Facts and Fancy

For board book and picture book readers, there’s a firmament of titles ranging from the imaginative to the informational.

Amazing Space
Raman Prinja, illus. by John Hersey. Carlton Kids, June. Ages 7–9.
This fact-filled exploration takes readers from the Earth’s surface to the edge of the universe.

Astronaut Annie
Suzanne Slade, illus. by Nicole Tadgell. Tilbury House, 2018. Ages 4–7.
In Slade’s picture book encouraging readers to pursue their dreams and reach for the stars, Annie can’t wait to share her aspirations on Career Day at school.

Birthday on Mars!
Sarah Schonfeld, illus. by Andrew J. Ross. Penguin Workshop, June. Ages 5–8.
This title captures the moment when the Curiosity rover robot sang itself happy birthday in 2013, after one year on Mars.

Curious George’s Big Book of Discovery
H.A. Rey. HMH, May. Ages 4–7.
Curious George Discovers the Stars and Curious George Discovers Space are among the eight science-themed stories in this compendium based on PBS’s Emmy-winning Curious George series.

Field Trip to the Moon
John Hare. Holiday House/Ferguson. Ages 4–8.
Readers follow students as they board their yellow spaceship bus for a journey to the moon.

Go for the Moon

Chris Gall. Roaring Brook, June. Ages 5–8.
A boy chronicles the preparation for and execution of the Apollo 11 moon landing, in a story that provides technical details, cutaway views of the lunar modules, and a family viewing of the landing on TV; an author's note recalls his own childhood experience of the event.

If You Had Your Birthday Party on the Moon
Joyce Lapin, illus. by Simona Ceccarelli. Sterling, Apr. Ages 7–up.
In answer to the question implied by the title: ride a rocket to the bash, make moon angels in the lunar dust, and party for an entire month.

It’s a Round, Round World
Ellie Peterson. StarBerry, Sept. Ages 6–11.
Fictional young scientist Joulia Copernicus leads readers on a journey through space and time to explain how humans know the Earth is round.

Just Right: Searching for the Goldilocks Planet
Curtis Manley, illus. by Jessica Lanan. Roaring Brook, Jan. Ages 5–9.
A girl investigates the possibility that there is another planet with life similar to Earth’s. “Richly informative prose and intimate yet expansive art show a child’s contagious enthusiasm for the book’s subject,” PW’s review said.

A Kite for Moon
Jane Yolen and Heidi E.Y. Stemple, illus. by Matt Phelan. Zonderkidz, Apr. Ages 4–8.
In this book dedicated to Neil Armstrong, a boy flying a kite notices that the Moon looks sad and promises to visit her one day—a pledge he keeps after becoming an astronaut. (See “Co-Piloting the Story.”)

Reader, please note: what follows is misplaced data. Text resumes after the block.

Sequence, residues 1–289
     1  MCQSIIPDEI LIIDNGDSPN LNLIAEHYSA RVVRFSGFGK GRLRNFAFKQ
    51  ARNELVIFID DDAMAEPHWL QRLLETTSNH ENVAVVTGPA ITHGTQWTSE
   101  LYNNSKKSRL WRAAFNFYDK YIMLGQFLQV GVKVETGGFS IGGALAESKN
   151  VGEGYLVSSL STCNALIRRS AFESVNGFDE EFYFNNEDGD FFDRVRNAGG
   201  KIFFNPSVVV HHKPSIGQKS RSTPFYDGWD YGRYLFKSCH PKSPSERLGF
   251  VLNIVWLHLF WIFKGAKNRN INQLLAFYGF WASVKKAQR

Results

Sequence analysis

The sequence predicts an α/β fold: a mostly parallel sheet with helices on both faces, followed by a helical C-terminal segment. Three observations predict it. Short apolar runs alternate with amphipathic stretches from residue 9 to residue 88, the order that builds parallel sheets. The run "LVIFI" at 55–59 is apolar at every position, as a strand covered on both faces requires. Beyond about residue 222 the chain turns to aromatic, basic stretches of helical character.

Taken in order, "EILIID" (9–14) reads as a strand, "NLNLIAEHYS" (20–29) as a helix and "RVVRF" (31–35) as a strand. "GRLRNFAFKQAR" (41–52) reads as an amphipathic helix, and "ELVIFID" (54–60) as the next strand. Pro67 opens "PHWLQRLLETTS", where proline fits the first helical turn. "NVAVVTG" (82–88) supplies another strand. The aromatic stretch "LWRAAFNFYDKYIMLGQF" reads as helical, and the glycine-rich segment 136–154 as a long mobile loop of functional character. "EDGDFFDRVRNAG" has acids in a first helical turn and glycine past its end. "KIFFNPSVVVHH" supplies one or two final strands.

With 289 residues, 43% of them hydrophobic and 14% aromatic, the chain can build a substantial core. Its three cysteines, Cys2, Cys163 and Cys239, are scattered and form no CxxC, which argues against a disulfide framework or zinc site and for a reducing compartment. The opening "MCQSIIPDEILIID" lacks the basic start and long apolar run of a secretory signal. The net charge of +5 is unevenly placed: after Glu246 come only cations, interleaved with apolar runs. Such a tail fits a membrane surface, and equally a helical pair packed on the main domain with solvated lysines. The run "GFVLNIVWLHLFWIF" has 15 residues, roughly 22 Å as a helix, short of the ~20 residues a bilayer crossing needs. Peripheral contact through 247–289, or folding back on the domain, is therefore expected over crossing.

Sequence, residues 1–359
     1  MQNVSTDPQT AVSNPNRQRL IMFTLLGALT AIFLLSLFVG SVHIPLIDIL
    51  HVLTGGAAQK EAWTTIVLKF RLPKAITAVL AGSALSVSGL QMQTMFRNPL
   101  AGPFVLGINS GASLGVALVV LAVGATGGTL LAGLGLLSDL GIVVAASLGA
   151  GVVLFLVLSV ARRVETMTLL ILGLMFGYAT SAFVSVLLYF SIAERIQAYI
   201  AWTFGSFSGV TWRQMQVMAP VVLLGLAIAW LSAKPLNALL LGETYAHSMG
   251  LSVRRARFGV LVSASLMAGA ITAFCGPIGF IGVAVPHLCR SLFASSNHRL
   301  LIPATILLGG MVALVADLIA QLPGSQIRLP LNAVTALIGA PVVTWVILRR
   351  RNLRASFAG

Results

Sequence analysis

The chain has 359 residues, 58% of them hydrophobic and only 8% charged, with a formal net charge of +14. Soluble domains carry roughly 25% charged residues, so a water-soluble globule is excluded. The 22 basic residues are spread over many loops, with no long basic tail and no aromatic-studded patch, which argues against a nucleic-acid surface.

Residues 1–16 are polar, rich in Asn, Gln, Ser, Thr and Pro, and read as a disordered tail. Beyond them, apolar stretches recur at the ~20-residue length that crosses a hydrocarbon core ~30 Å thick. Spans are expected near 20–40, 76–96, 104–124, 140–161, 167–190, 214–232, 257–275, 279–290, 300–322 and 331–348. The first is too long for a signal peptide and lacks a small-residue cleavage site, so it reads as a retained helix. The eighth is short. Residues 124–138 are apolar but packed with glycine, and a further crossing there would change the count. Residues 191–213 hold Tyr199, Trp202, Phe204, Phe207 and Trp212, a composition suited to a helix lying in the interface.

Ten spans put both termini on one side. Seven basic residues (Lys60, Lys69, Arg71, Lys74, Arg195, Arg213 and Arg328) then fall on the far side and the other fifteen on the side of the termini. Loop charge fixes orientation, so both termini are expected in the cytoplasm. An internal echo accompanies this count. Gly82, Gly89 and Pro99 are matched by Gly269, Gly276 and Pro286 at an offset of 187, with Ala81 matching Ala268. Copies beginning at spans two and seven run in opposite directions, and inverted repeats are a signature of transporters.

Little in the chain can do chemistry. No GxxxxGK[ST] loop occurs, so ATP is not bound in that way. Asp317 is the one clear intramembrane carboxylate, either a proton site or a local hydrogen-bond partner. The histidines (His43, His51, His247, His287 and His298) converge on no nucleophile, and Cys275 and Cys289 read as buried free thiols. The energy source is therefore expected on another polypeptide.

Let’s Go: Into Space
Timothy Knapman, illus. by Wesley Robins. Silver Dolphin, Jan. Ages 6–8.
Readers join two kids and their dog as they blast off to explore the solar system in this oversize board book featuring die cuts.

Life on Mars
Jon Agee. Dial, 2017. Ages 4–8.
A young explorer who heads to Mars to prove there is life there is disappointed to find only a flower, until he discovers, on his way back to Earth, that someone has eaten his cupcakes.

The Magic School Bus Rides Again: Satellite Space Mission
AnnMarie Anderson, illus. by Artful Doodlers. Branches, July. Ages 6–8.
On a field trip to outer space, one of Miss Frizzle’s students disrupts Earth-orbiting satellites when she tries to take a selfie.

Max Goes to Jupiter
Jeffrey Bennett et al., illus. by Michael Carroll. Big Kids Science, 2018. Ages 4–12.
Intrepid Max the dog and his human friend Tori explore Jupiter in the latest addition to this picture book series.

Moon: Earth’s Best Friend
Stacy McAnulty, illus. by Stevie Lewis, Holt, Oct. Ages 4–8.
The moon narrates a lighthearted account of its formation and history.

Moon’s First Friends
Susanna Leonard Hill, illus. by Elisa Paganelli. Sourcebooks Wonderland, June. Ages 4–8.
After spending her life watching Earth and hoping someone will come see her, the moon is thrilled when she finally gets a visit from the Apollo 11 astronauts.

Papa Put a Man on the Moon
Kristy Dempsey, illus. by Sarah Green. Dial, May. Ages 4–8.
As a girl gazes at the moon with her father, she is proud that the fabric he weaves for his job forms a layer of astronauts’ spacesuits, and prouder still when she watches Neil Armstrong take his first steps on the moon.

Smithsonian Kids: To the Moon and Back!
Jaye Garnett, illus. by Olga Demidova. Cottage Door, 2017. Ages 3–5.
Readers of this board book spin wheels, lift flaps, and slide tabs to learn about the Apollo 11 moon landing.

The Sun Is Kind of a Big Deal
Nick Seluk. Orchard, 2018. Ages 4–8.
Comics-style art and commentary by anthropomorphized planets celebrate the sun’s tireless work to keep things on Earth running smoothly.

Space Pioneers and Visionaries

These biographies showcase the accomplishments of influential scientists and space explorers.

The Astronaut Who Painted the Moon
Dean Robbins, illus. by Sean Rubin. Orchard, May. Ages 4–10.
Alan Bean, a member of the Apollo 12 crew, took photos as he walked on the moon. After he returned to Earth, he recreated the experience in paintings, some of which are reproduced in this book.

A Computer Called Katherine
Suzanne Slade, illus. by Veronica Miller Jamison. Little, Brown, out now. Ages 4–8.
PW’s review called this story about NASA mathematician Katherine Johnson, whose pivotal role in the launch of Apollo 11 was showcased in the film Hidden Figures, “an uplifting portrait of a no longer so ‘hidden’ figure.”

I Am Neil Armstrong
Brad Meltzer, illus. by Christopher Eliopoulos. Dial, 2018. Ages 5–8.
An addition to the publisher’s biography series, this volume depicts Armstrong’s accomplishments, character traits, and childhood heroes.

Look Up with Me
Jennifer Berne, illus. by Lorraine Nam. HarperCollins/Tegen, Feb. Ages 4–8.
Berne’s biography of astrophysicist Neil deGrasse Tyson, who serves as director of New York City’s Hayden Planetarium, focuses on “his authentic and enduring sense of wonder,” PW’s review said.

The Man Who Went to the Far Side of the Moon
Bea Uusma Schyffert. Chronicle, Apr. Ages 10–13.